Hundreds of king salmon cast a dark shadow in the creek just below Crystal Lake Hatchery, Aug. 18. Photo/Angela Denning

Hundreds of king salmon cast a dark shadow in the creek just below Crystal Lake Hatchery, Aug. 18. Photo/Angela Denning

The Crystal Lake Hatchery, located about 17 miles south of Petersburg, expects to start gathering eggs from this year’s returning King salmon within days.
The creek leading up to the hatchery is shallow and clear and the King salmon are everywhere. They were all born and raised at the hatchery and every instinct is telling them to return home.

The salmon will hang out in the creek which is blocked off by a weir until they find their way up a small chute of rushing water nearby called a steep pass. The steep pass leads to a holding pond which is kind of like a swimming pool for salmon. The tank is the end of the road for these adult Kings since all salmon die after they spawn. The trick for the hatchery workers is to know when it’s the right time to harvest the eggs.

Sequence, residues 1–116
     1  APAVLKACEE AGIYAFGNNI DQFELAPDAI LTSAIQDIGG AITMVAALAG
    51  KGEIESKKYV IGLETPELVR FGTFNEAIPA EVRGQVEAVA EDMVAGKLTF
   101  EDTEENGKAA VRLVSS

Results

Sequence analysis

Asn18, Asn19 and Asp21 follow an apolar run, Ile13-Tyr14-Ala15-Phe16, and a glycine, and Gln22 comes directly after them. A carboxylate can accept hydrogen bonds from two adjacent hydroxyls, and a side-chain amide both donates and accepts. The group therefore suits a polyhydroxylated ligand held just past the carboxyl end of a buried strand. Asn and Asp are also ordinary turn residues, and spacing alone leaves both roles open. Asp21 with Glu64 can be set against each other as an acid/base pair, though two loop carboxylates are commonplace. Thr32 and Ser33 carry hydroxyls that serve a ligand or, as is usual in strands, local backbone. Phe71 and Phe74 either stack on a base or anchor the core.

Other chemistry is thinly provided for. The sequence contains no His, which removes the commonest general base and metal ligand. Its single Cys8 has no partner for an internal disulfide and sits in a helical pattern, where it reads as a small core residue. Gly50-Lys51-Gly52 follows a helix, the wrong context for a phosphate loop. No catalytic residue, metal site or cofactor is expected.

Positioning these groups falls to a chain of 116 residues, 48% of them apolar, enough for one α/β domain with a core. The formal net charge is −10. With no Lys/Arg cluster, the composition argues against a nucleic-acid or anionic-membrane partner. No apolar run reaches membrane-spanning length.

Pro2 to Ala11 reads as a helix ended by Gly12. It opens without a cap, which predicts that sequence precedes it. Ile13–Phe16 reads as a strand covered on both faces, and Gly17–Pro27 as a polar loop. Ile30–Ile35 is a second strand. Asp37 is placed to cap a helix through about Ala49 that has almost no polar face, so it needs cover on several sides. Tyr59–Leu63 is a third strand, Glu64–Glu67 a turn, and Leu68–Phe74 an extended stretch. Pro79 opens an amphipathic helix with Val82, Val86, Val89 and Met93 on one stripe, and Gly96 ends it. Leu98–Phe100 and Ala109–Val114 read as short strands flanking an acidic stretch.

Comparing the returns from year to year isn’t easy. Thompson has been in the business for thirty years and there are so many variables that he is hesitant to call anything normal. But he says this year seems to be looking good.

Hatchery Manager, Loren Thompson, stands next to the steep pass, which the king salmon swim up to the holding pond.Photo/Angela Denning

Hatchery Manager, Loren Thompson, stands next to the steep pass, which the king salmon swim up to the holding pond.Photo/Angela Denning

After growing to a heartier sized fish known as smolt, 600,000 of the salmon will be released at the hatchery creek, 100,000 will go to Petersburg’s City Creek, 500,000 will be transported to Anita Bay near Wrangell and 500,000 to Neets Bay at Ketchikan.

This is the first year that the Crystal Lake hatchery is being used after a fire destroyed its incubation room and a generator shed last year. It’s all been replaced now and KFSK will be reporting on what the new equipment means for the hatchery.